Vargha Moayed is chief strategy officer at UiPath.
We often hear the apprehension of people concerning the threat of job destruction that will be brought about by the deployment of Robot Process Automation (RPA) and artificial intelligence (AI).
Historically, we have countless examples where the deployment of technology has not destroyed jobs. For example, new technologies during the Industrial Revolution enabled the migration of jobs from agriculture occupations to manufacturing ones and then from manufacturing to services-related jobs. But perhaps people worry that this time it will be different?
Indeed, why is it that new technologies do not actually destroy jobs even though the technologies may replace humans with automated solutions? The answer resides in the simple fact that while new technologies may alleviate some jobs, they also create new ones.
Your next question might be:
How is it that new technologies are always creating new jobs and wouldn’t that process eventually come to an end?
It’s unlikely and for two fundamental reasons:
1. New technologies create new needs
2. New technologies increase human expectation of existing needs
Let's start with new needs. It would be fair to say that no one had predicted, for instance, the need for social media. Nonetheless, here we are with social media having become one of the most addictive technologies. Facebook alone has more than 2.4 billion active users. As a result, job positions such as social media managers have been created. The same could have been said of the telephone, television, and countless other new technologies that created new needs and new related occupations to satisfy these new needs.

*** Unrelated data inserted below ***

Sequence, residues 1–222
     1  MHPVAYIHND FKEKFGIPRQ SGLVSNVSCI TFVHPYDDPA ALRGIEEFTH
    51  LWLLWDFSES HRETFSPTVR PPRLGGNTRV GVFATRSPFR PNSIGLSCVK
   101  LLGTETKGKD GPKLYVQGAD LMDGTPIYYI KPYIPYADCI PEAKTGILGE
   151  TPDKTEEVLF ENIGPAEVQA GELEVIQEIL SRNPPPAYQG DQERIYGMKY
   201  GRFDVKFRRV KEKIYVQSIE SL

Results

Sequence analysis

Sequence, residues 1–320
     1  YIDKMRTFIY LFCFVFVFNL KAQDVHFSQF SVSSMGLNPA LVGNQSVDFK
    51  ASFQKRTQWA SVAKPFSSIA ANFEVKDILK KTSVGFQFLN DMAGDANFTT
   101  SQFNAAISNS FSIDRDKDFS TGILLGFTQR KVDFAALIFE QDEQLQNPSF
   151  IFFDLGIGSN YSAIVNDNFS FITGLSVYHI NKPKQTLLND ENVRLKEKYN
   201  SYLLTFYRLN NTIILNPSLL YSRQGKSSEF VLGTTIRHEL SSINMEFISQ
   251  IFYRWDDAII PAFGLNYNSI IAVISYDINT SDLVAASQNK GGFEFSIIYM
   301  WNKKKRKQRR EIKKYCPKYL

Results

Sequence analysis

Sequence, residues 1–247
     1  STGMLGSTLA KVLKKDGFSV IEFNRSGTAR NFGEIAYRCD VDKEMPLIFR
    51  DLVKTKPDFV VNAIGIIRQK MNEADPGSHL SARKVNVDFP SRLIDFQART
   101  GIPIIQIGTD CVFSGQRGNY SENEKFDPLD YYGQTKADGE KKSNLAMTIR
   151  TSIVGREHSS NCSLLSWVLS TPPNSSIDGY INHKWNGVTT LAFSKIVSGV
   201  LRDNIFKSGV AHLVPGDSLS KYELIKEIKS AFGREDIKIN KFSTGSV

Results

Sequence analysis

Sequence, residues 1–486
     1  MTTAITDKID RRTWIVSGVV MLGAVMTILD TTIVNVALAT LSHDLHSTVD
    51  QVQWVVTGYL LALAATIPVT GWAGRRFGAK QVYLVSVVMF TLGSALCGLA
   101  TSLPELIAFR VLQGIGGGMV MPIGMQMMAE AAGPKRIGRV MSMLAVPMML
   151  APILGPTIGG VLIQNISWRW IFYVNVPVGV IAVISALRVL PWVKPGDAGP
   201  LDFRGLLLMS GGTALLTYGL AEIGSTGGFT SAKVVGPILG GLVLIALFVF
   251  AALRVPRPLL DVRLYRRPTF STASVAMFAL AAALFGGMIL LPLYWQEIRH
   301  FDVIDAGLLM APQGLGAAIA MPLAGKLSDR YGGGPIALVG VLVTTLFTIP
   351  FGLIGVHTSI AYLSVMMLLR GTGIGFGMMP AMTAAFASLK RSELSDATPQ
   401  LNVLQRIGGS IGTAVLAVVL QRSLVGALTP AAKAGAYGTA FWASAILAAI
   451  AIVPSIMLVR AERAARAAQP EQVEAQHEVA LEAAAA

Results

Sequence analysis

Now, let’s consider the increase in expectation of existing needs brought about by new technologies.
In the 1980s, one existing need was being able to deposit and retrieve cash from one’s bank account. This need was fulfilled by visiting a bank branch and transacting with a bank teller. Then, along came the automated teller machine (ATM) which were, in essence, automating the bank tellers’ jobs. At the time, there was a grave concern that tellers would lose their jobs. What actually happened is that most tellers became customer service representatives and provided more personalized service to their customers. Few jobs were lost, and the new jobs provided better pay. But more importantly, the customers’ expectations of the basic need of depositing and retrieving money from their bank account was changed forever. Following the availability of ATMs, customers expected to be able to deposit or retrieve money from their account at any hour of the day, any day of the week, and in any location. Customer expectations had shifted and banks without ATMs and customer service representatives were at a competitive disadvantage.
The same thing can be said about online shopping, which is the ‘updated’ expectation of being able to purchase an item without stepping into a physical store (and which was previously fulfilled by shopping via mail catalogs). The list of examples goes on and on.
As a result of the dual phenomena of creating new needs and increasing expectations of existing needs, new technologies continuously create new jobs. To take a more recent example, according to LinkedIn, data scientist positions in the United States (U.S.) increased by 650% between 2012 and 2017.
According to 2017 research from Massachusetts Institute of Technology (MIT) and Boston University, half of all U.S. job growth from 1980 to 2007 came from the creation and expansion of brand-new job categories.
So, RPA and AI, because of the words “robot” and “intelligence,” may have captured the imagination of people more than previous new technologies and, as a result, stoked more apprehension. However, like previous new technologies, RPA and AI will create new job opportunities. They already are. That is not to say that the transition should not be managed carefully in order to minimize the human cost and provide new opportunities to as many people as possible.
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